Sometimes, two star wide receivers just isn't enough to satisfy a team. If fifth-year wide receiver Chris Henry can continue to stay out of trouble with the law, the Bengals offense has a chance to return to their dominant form from the 2005 season, when they finished fourth in the league by averaging 26.3 points per game.

As a rookie in 2005, Chris Henry finished with 31 receptions for 422 yards and 6 touchdowns. The following season, he found the end zone nine times in just 13 games, as he caught 36 passes for 605 yards. Not bad for a wide receiver who was considered the Bengals' third option.

The Bengals are hoping that  Henry's legal troubles are all part of his past. After sitting out the first four games of last season, Henry returned to play the last 12 games of the season. However, he appeared to struggle to find his old form as the once-dominant third  wide receiver the Bengals loved.

During the offseason, Palmer has acknowledged how impressed he is with Henry's play. In fact, Palmer said Henry has looked so good during workouts, he wouldn't be surprised if he took over Ochocinco's spot at wide receiver for the Bengals. He is ready to begin a fresh state after his past with the law and has worked so hard to get to where he is right now that he won't give up the position easily.

The wide receiver position could be an interesting factor for the Bengals as far as which plays are called for what wide receiver. Even though the Bengals are loaded with weapons at the wideout position, look for them to take advantage of running the ball this season.

The Bengals finished 29th in the league last season by averaging 95 yards per game on the ground. This average should increase thanks to the play of Cedric Benson and Andre Smith.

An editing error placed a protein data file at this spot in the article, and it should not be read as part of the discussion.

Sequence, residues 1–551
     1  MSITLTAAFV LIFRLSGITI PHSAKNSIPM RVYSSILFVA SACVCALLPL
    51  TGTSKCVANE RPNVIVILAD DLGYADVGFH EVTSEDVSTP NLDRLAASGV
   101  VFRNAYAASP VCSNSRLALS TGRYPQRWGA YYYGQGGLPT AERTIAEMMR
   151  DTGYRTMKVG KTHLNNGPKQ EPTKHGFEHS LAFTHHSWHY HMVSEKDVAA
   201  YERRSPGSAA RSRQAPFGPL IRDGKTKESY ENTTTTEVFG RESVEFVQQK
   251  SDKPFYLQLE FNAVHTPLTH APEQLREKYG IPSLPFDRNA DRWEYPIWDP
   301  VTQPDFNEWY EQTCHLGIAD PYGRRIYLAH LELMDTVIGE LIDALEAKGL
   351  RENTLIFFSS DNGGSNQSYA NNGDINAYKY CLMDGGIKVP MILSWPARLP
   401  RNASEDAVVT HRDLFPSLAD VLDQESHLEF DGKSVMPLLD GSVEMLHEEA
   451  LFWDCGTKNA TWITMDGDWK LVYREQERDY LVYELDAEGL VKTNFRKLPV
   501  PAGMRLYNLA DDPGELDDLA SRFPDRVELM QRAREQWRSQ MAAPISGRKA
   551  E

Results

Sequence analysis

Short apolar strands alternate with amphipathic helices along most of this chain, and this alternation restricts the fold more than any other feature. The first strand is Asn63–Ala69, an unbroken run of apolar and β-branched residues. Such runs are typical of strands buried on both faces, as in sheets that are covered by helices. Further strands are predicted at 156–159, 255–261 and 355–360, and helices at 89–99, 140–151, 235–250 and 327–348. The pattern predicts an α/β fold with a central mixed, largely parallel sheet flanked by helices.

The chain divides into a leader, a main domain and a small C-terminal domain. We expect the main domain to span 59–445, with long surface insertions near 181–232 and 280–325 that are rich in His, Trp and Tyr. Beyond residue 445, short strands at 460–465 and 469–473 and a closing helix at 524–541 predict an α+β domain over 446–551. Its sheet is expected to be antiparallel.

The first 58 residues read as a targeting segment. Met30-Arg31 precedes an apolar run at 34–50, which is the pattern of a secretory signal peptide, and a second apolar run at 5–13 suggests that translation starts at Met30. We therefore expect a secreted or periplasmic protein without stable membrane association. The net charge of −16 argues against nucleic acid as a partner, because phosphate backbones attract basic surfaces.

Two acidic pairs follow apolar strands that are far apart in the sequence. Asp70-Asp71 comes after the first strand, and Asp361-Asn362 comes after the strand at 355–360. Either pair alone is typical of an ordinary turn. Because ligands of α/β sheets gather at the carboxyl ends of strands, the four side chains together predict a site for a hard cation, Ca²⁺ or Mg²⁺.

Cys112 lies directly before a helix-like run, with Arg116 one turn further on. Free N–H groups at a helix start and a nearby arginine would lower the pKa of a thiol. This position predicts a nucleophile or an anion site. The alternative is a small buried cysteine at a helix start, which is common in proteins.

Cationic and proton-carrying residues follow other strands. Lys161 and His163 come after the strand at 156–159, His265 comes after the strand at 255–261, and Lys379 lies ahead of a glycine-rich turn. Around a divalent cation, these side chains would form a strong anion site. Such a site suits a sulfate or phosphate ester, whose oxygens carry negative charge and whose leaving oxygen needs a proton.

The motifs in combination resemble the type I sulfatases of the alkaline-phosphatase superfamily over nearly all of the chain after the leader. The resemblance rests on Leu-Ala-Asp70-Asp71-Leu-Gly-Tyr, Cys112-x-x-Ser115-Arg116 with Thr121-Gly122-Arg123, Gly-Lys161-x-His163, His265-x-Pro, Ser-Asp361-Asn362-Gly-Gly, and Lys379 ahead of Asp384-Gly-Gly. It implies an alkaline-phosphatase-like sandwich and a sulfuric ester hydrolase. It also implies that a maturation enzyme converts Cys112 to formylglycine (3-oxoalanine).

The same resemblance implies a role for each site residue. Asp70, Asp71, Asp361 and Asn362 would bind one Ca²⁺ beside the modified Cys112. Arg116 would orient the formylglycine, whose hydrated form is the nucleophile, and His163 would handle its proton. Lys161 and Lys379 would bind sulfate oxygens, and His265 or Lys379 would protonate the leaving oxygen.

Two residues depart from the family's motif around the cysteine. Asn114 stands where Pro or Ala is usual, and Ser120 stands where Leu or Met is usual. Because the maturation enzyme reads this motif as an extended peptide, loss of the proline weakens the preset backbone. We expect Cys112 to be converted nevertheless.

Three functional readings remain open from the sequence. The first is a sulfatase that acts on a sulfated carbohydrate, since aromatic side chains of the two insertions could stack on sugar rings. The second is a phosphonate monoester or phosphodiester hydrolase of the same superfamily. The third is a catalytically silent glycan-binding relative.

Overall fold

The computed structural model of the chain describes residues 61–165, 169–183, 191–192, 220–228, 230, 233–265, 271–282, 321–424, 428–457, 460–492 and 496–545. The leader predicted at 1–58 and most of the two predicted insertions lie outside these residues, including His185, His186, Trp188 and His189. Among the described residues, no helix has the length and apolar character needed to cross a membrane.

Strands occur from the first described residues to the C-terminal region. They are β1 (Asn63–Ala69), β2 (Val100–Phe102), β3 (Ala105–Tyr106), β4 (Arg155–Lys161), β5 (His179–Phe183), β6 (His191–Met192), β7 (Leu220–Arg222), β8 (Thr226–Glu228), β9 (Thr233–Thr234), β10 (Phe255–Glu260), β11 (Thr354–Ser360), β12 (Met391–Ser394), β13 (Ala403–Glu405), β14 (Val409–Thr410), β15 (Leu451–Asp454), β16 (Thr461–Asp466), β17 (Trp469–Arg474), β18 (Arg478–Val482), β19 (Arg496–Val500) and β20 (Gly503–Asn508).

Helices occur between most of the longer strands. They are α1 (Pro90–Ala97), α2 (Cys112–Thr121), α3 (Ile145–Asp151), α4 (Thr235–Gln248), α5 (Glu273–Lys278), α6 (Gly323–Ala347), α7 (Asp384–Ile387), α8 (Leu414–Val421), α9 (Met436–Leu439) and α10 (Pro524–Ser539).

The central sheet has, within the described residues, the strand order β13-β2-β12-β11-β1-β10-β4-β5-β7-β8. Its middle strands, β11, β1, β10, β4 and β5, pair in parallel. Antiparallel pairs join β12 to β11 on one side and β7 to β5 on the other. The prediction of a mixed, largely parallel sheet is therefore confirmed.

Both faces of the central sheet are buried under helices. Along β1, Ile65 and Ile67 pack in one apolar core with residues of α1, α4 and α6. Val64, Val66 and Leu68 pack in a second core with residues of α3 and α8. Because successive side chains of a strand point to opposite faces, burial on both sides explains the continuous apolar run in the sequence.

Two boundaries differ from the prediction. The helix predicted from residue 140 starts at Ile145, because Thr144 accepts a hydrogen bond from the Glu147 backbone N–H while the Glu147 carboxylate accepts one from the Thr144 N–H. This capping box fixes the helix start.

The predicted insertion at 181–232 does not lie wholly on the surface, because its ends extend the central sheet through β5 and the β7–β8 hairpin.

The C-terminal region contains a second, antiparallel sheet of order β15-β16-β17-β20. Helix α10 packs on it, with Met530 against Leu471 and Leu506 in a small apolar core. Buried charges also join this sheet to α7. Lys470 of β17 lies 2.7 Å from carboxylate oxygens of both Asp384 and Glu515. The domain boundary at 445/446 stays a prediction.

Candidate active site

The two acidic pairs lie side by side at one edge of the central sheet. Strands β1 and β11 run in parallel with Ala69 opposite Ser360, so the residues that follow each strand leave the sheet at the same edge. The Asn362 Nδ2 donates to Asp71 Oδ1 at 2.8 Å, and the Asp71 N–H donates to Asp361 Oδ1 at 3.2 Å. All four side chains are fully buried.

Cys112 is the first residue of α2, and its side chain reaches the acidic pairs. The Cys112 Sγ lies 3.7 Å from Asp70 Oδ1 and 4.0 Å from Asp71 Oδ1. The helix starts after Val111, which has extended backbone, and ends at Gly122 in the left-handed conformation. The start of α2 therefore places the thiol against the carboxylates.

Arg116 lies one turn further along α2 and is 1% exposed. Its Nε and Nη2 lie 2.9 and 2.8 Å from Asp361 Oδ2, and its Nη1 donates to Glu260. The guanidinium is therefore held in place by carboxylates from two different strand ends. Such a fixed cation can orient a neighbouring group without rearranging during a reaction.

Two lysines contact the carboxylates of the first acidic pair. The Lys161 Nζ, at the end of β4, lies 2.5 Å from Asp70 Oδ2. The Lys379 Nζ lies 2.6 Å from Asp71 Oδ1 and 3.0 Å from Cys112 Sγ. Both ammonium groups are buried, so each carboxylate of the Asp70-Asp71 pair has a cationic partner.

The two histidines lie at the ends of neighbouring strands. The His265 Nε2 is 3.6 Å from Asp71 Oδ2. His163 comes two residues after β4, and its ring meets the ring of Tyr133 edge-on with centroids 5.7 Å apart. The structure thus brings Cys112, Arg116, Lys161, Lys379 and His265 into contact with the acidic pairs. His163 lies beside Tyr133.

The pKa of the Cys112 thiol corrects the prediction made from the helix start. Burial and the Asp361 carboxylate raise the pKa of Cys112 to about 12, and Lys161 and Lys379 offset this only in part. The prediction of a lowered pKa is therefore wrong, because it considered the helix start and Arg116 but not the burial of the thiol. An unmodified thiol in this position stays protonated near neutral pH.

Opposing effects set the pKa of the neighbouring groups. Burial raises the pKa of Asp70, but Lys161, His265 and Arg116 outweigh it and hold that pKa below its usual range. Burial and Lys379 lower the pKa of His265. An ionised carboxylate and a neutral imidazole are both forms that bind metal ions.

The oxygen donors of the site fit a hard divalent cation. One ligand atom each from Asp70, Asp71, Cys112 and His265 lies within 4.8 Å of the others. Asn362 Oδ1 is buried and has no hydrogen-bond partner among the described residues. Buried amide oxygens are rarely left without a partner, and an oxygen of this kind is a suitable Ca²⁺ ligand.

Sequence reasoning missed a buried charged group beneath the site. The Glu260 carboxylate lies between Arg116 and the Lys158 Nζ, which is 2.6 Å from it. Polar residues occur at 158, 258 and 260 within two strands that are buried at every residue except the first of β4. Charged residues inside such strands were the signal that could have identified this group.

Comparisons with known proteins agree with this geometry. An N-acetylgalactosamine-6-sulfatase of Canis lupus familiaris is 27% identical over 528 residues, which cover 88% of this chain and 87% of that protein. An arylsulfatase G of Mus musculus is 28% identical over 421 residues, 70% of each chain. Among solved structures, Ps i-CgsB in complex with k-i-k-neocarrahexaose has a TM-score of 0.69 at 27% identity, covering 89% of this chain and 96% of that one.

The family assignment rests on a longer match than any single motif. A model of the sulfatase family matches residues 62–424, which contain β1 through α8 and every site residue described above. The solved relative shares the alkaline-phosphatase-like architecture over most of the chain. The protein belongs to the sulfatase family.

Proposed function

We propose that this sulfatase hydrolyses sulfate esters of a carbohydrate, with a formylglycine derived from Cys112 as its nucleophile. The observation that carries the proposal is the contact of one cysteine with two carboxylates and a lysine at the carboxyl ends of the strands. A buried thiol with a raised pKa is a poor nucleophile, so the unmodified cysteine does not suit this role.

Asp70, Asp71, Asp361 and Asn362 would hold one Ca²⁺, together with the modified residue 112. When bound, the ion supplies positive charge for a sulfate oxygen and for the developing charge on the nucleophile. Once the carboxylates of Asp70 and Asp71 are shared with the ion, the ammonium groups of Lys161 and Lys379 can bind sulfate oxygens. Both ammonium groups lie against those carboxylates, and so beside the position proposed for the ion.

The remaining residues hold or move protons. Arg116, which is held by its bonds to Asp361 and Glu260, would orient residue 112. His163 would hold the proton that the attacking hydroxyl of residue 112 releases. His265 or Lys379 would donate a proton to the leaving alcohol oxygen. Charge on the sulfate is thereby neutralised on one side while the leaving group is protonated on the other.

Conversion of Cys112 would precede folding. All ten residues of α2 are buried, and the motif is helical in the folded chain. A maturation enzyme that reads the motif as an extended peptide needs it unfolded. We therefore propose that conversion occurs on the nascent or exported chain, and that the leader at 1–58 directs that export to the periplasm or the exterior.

Cincinnati signed Benson in the middle of last season after he was released by the Chicago Bears because of his legal troubles. It took some time to adjust, but Benson looked more comfortable with the Bengals offense towards the end of last season and will hopefully continue his stride into 2009.

Benson finished the 2008 season averaging 118.3 yards rushing his final three games. This season, Bratkowski looks to use Benson more in the running game to help take pressure off of Palmer. After drafting offensive lineman Andre Smith from Alabama, this recipe may actually work for the Bengals this upcoming season.

The Bengals selected Smith with the No. 6 pick in hopes of improving an offensive line that found itself ranked near the bottom of the league last season. In 2008, the Bengals offensive lineman surrendered 51 sacks, which ranked them third-worst in the league.

The 6'4" lineman should have an immediate impact for a Bengals offensive line in need of improvement when it comes to protecting its quarterback and running back. During his junior year at Alabama, Smith recorded 103 knockdowns and recorded 17 blocks that resulted in a touchdown.

If Smith and the rest of the offensive line can provide the protection needed for Palmer and Benson to get the ball down the field, the Bengals should find themselves back near the top of the league in scoring.

The Bengals offense has the potential to play as well as they did during their 2005 campaign. If Bratkowski can call all the right plays and figure out a way to take advantage of all the weapons on offense, the Bengals could be in for an exciting season.

If not, well, at least we can enjoy the drama on tap for the Bengals on HBO's hit series Hard Knocks.